BMO Capital Markets Managing Director Simeon Siegel joins Yahoo Finance Live to discuss Peloton and how the company should position itself going forward.
SEANA SMITH: Peloton shares moving to the upside today, up just around 3 and 1/2% after announcing that it is cutting 500 more jobs, its fourth layoff announcement of the year. CEO Barry McCarthy telling the Wall Street Journal, quote, "We need to grow to get the business to a sustainable level."
Here to talk about what that level could potentially look like and the path forward for Peloton, we want to bring in Simeon Siegel, BMO Capital Markets managing director and senior analyst. Simeon, it's great to see you. So McCarthy out saying that these cuts are necessary to put the company in a better position. I guess, how do you see Peloton positioned right now? And is it in a position to return to growth?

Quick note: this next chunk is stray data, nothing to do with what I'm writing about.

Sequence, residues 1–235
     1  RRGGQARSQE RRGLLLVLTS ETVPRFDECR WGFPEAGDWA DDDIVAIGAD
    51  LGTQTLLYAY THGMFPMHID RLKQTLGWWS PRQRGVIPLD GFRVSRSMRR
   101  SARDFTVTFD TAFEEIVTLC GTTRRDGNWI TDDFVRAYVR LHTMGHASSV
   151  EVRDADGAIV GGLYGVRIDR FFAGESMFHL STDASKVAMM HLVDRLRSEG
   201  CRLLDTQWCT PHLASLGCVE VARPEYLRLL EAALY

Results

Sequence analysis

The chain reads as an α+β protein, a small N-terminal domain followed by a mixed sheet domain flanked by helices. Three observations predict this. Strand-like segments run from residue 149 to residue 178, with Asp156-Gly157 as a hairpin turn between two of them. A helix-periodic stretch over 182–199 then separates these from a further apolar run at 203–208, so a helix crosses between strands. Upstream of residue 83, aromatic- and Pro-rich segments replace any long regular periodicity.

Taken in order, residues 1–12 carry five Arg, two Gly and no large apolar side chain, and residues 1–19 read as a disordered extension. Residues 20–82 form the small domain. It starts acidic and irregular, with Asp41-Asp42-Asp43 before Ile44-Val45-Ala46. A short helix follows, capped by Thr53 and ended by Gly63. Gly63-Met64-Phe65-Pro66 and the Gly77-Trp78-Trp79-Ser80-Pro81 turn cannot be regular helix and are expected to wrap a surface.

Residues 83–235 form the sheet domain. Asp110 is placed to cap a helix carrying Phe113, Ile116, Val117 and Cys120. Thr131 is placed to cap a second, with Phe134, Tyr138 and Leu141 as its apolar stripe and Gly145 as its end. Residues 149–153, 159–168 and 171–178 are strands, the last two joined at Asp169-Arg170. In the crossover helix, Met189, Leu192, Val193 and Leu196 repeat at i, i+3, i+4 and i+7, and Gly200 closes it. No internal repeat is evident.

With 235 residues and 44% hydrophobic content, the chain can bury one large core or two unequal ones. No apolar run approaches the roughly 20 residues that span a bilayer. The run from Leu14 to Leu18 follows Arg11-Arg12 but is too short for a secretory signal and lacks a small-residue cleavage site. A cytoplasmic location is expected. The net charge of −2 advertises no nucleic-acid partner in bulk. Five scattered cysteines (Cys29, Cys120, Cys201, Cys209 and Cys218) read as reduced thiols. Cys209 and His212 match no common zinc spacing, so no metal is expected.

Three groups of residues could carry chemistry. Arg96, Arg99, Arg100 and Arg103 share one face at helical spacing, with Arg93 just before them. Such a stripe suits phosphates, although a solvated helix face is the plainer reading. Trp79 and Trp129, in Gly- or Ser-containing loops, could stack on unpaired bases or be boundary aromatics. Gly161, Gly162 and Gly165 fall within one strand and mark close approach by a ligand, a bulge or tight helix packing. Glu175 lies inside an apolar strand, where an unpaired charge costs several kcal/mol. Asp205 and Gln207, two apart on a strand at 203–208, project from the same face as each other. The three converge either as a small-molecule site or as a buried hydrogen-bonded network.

SIMEON SIEGEL: Hey, yeah, great to see you. Great to be here. I think that we need to incorporate or internalize the fact that Peloton has a great brand. It has a great community. But that doesn't necessarily mean it has room for growth at this point. And so I think what we're seeing now is the turnaround is just that much more difficult. We're watching incremental cost cuts, unfortunately, which are impacting people's lives.
But it's also this decision to recognize that to get to profitability, the company needs to recalibrate. And so I think if we can focus on profitability, as opposed to growth, I think there's a story. I think every time the focus is on trying to get a new member, there's going to be another drag.